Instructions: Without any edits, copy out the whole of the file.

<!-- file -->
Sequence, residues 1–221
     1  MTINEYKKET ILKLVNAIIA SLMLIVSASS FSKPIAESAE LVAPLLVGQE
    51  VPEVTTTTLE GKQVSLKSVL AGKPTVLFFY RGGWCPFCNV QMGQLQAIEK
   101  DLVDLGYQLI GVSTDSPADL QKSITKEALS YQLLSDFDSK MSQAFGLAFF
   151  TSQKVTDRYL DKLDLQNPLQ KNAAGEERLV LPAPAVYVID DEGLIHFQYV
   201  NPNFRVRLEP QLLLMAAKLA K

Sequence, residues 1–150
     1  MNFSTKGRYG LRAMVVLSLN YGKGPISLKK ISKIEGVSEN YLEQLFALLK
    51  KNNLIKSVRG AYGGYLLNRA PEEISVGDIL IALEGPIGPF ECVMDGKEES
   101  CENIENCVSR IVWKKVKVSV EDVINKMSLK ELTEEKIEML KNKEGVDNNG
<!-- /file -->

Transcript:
Sequence, residues 1–221
     1  MTINEYKKET ILKLVNAIIA SLMLIVSASS FSKPIAESAE LVAPLLVGQE
    51  VPEVTTTTLE GKQVSLKSVL AGKPTVLFFY RGGWCPFCNV QMGQLQAIEK
   101  DLVDLGYQLI GVSTDSPADL QKSITKEALS YQLLSDFDSK MSQAFGLAFF
   151  TSQKVTDRYL DKLDLQNPLQ KNAAGEERLV LPAPAVYVID DEGLIHFQYV
   201  NPNFRVRLEP QLLLMAAKLA K

Sequence, residues 1–150
     1  MNFSTKGRYG LRAMVVLSLN YGKGPISLKK ISKIEGVSEN YLEQLFALLK
    51  KNNLIKSVRG AYGGYLLNRA PEEISVGDIL IALEGPIGPF ECVMDGKEES
   101  CENIENCVSR IVWKKVKVSV EDVINKMSLK ELTEEKIEML KNKEGVDNNG